Home Recaps ‘Sherlock’ Review: 4×02 “The Lying Detective”
‘Sherlock’ Review: 4×02 “The Lying Detective”

‘Sherlock’ Review: 4×02 “The Lying Detective”

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Sherlock review: Season 4, Episode 2, “The Lying Detective,” Aired Jan. 8, 2016

Major spoilers ahead!

Usually, the second episode of each season of Sherlock is when everyone takes a breather. The pacing is a little slower and the threat a little smaller. That’s not the case with “The Lying Detective.” This season is like a freight train, going full speed towards something — Moriarty, Eurus, some traumatic event that took place in Sherlock’s past?” In the episode, acting on Mary’s orders, Sherlock takes himself to hell by feeding a life-threatening drug habit. John’s brought in by the incredibly badass Mrs. Hudson to check on his former best friend, who then asks John to help take down Culverton Smith, a man Sherlock describes as being the “most dangerous and despicable human being I have ever encountered… a living, breathing coagulation of human evil.”

To quote Sherlock quoting Henry V, “Once more unto the breach, dear friends!”

The Villain
Culverton Smith was definitely as dangerous and despicable as Sherlock said he was. He uses his power and fame to shield him from any suspicion for the numerous murders he commits. American fans might be surprised to learn that the character was based on a real person. Moffat got his inspiration for Culverton from Jimmy Savile, a British television personality and philanthropist who used his charitable deeds as a cover for his heinous actions.

 Culverton’s most effective scene is his first in which he is walking around a room of influential people, letting his hands linger on each person for a fraction too long as he tells them they’re about to have their memories tampered with. It’s an excellent scene which shows the viewer just how much power Culverton has, but the show needed one more scene to show us how truly terrible he was. While he was hyped by Sherlock and the show’s creators as being the most vile villain to appear in Sherlock, he wasn’t as sadistic and remorseless as Moriarty or as chilling and unnerving as Magnussen. That said, there is a villain in this episode who can potentially surpass all the villains in the show, and that’s the third Holmes sibling, Eurus.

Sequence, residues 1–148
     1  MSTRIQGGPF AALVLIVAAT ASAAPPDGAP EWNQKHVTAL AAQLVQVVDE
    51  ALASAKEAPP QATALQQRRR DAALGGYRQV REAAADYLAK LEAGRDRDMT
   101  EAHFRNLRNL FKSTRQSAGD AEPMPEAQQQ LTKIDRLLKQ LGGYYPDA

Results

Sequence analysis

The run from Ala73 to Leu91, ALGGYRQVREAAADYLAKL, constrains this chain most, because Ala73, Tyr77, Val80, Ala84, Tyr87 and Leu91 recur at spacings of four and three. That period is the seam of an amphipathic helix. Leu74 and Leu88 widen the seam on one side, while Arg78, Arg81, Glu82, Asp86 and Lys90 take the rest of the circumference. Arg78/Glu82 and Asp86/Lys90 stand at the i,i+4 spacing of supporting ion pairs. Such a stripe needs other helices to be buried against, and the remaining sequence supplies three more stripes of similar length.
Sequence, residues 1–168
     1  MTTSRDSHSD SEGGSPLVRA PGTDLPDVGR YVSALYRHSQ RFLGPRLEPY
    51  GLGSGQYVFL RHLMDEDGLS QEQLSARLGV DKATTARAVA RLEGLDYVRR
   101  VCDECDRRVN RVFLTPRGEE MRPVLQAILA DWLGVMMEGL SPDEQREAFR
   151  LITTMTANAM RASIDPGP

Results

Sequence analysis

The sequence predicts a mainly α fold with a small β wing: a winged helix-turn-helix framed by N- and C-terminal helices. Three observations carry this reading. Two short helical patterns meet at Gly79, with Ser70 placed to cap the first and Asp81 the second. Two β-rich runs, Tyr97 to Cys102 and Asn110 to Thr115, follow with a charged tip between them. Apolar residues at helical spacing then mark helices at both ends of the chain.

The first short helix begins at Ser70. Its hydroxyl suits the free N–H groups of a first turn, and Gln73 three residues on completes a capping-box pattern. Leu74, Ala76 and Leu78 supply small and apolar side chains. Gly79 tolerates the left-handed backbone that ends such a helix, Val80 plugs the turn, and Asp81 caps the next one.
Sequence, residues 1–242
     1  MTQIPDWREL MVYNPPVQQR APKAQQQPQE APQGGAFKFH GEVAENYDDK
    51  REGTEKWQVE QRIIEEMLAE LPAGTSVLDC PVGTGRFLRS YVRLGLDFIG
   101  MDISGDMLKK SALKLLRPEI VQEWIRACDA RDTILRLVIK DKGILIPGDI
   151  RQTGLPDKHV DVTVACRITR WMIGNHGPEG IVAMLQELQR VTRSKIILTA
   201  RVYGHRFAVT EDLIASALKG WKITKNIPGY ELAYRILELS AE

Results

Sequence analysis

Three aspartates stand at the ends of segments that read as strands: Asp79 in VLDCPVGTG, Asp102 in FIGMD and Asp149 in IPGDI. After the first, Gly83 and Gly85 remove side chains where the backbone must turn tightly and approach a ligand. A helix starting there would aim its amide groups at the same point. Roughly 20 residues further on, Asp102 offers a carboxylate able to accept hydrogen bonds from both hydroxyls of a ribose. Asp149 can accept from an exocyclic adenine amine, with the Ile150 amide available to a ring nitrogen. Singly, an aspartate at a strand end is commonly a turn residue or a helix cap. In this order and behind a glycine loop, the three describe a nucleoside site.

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That Twist
Eurus is the arch-enemy we’ve been waiting for since Moriarty left the series. In Eurus we have a villain who is clearly a formidable match for Sherlock, managing to slip under his radar not once, but twice — first as Faith Smith and second as John’s therapist. Sure, he was high as a kite at the time, but even a drug-addled Sherlock is sharper than most. Some of Moffat’s twists don’t always land but this one sure as hell did, and that should be attributed to Moffat’s writing and Sian Brooke’s performance. It’ll be exciting to see what the Holmes sister has in store for Sherlock and what role she played in Sherlock’s past. Redbeard has come up several times this season and in the last. It’s clearly a trigger for Sherlock, and maybe Eurus played a role in whatever happened to Sherlock’s childhood dog. What ever happened, it was clearly traumatic.